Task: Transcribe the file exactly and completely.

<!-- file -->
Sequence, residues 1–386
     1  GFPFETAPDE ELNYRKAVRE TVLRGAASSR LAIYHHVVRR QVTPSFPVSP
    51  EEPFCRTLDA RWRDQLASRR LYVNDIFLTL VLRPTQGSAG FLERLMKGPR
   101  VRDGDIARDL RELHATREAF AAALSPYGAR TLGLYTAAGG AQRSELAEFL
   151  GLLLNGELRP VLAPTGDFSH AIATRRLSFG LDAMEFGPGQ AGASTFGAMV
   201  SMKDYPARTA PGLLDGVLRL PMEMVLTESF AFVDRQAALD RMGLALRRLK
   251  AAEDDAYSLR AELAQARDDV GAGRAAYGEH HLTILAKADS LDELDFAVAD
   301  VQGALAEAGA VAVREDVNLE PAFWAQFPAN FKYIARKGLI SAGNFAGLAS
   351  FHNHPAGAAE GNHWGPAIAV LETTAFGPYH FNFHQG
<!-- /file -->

Sequence, residues 1–386
     1  GFPFETAPDE ELNYRKAVRE TVLRGAASSR LAIYHHVVRR QVTPSFPVSP
    51  EEPFCRTLDA RWRDQLASRR LYVNDIFLTL VLRPTQGSAG FLERLMKGPR
   101  VRDGDIARDL RELHATREAF AAALSPYGAR TLGLYTAAGG AQRSELAEFL
   151  GLLLNGELRP VLAPTGDFSH AIATRRLSFG LDAMEFGPGQ AGASTFGAMV
   201  SMKDYPARTA PGLLDGVLRL PMEMVLTESF AFVDRQAALD RMGLALRRLK
   251  AAEDDAYSLR AELAQARDDV GAGRAAYGEH HLTILAKADS LDELDFAVAD
   301  VQGALAEAGA VAVREDVNLE PAFWAQFPAN FKYIARKGLI SAGNFAGLAS
   351  FHNHPAGAAE GNHWGPAIAV LETTAFGPYH FNFHQG